Ashford University can continue enrolling students on the GI Bill — at least for now, the Veterans Affairs Department has confirmed.
The online, for-profit school that’s one of the top enrollers of military students was in danger of losing its eligibility to accept GI Bill funds last year after failing to maintain the appropriate state-level approval required for the veterans education benefit. That approval is still pending, but despite the VA’s Jan. 9 deadline, the federal agency has decided not to pull payments as it awaits a court appeal and a decision from the state of California.
“Otherwise, Ashford likely would have sought a stay from the court, which, if granted, may well not have required Ashford to apply to (the California State Approving Agency for Veterans Education),” VA spokesman Randy Noller said in an email. “In that event, VA would still be paying benefits and Ashford would not be undertaking any corrective actions.”
After closing its only brick-and-mortar campus in Iowa in 2016, Ashford lost its approval from that state and opened a campus in Phoenix, receiving a sign-off from the Arizona State Approving Agency. But the VA said in a November notice to Ashford that because the school’s main campus is in San Diego, Arizona did not have jurisdiction to approve Ashford. The notice gave the school 60 days to comply with the law.
California’s attorney general sued Ashford University Wednesday, alleging officials made false promises to entice students and illegally tried to collect their overdue debt. The online for-profit school educates thousands of active-duty and veteran students each year.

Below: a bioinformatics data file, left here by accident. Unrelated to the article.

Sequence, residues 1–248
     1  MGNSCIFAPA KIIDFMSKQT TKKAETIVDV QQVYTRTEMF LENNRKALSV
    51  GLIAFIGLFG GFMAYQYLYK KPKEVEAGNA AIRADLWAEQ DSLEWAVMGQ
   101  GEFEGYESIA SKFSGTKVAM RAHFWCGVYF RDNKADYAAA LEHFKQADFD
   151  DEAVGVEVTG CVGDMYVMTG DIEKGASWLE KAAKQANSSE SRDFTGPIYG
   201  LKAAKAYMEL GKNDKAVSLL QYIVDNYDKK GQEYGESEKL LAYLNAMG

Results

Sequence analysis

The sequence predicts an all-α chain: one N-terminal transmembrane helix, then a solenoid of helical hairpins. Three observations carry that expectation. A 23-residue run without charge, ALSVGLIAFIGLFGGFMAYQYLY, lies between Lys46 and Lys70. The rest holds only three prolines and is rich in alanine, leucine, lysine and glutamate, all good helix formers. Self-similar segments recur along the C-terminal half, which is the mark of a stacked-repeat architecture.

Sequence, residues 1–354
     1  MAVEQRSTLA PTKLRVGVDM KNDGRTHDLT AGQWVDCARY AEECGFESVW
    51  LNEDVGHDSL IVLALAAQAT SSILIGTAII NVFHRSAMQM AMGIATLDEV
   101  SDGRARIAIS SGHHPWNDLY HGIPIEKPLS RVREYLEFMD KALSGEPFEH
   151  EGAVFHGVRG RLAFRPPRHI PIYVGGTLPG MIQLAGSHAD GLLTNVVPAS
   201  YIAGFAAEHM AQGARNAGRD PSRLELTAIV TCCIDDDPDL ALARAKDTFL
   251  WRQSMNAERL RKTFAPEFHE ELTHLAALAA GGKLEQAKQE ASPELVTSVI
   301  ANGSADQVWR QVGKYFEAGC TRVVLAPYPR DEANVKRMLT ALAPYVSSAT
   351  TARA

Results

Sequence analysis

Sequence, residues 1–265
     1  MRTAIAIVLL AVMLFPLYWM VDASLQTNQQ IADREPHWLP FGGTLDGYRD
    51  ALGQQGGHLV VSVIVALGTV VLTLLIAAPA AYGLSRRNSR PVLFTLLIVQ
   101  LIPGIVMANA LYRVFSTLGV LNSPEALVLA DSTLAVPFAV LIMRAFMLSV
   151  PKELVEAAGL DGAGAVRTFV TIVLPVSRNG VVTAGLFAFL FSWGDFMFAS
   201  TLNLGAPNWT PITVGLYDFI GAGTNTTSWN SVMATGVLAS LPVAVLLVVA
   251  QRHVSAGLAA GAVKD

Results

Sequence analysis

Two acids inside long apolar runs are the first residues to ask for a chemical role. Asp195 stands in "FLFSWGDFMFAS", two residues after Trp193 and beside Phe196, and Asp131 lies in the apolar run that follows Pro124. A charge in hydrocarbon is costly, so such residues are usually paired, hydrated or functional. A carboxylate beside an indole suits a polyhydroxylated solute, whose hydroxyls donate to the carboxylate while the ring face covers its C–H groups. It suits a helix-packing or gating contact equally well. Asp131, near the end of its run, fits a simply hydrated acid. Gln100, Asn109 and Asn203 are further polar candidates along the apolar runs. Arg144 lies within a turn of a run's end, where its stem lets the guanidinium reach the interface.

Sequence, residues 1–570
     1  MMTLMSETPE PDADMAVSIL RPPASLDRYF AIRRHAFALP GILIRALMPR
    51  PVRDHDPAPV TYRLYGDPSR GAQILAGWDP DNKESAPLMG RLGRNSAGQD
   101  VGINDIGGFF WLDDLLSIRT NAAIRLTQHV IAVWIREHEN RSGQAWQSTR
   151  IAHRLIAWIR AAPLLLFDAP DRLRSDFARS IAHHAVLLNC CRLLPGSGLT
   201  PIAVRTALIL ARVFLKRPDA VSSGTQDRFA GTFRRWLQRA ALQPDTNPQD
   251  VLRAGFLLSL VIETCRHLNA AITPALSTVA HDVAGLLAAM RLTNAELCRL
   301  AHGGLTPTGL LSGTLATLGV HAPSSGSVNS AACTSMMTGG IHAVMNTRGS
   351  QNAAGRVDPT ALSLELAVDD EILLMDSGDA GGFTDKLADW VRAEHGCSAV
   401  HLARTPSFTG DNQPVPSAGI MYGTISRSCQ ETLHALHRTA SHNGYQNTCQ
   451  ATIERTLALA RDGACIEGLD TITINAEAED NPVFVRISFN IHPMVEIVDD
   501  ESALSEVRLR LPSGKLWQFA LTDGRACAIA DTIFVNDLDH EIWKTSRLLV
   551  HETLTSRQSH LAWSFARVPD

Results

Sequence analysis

Shortly after, Ashford filed an appeal in federal circuit court, disputing VA’s interpretation of the law and arguing that unless the court intervenes, “VA’s precipitous and unlawful decision will force Ashford’s veteran students to face an unpalatable set of choices.”
The VA has moved to dismiss the case, VA Press Secretary Curt Cashour said Wednesday. The court could grant that dismissal in the next several months or choose to fully litigate the case, which could take about a year, he said.
Both Noller and Lauren Coartney, a spokeswoman for Ashford’s parent company, Bridgepoint Education, told Military Times the VA has agreed not to suspend GI Bill benefits at the school until a court decides on the appeal. Ashford was also required to apply for state approval in California, which Coartney said the school has done.
The Veterans Affairs Department “has made assurances that as long as Ashford pursues this application in good faith, it will continue to pay benefits, even as Ashford and the VA remain in negotiation over approval in Arizona,” Coartney said in an email. She added that the school has temporarily stopped enrolling new GI Bill students and is reviewing that decision at this time.
Noller said if the California agency approves Ashford, that decision “would bring Ashford into compliance with Federal laws and regulations, and prevent thousands of beneficiaries from having their benefits cut off.”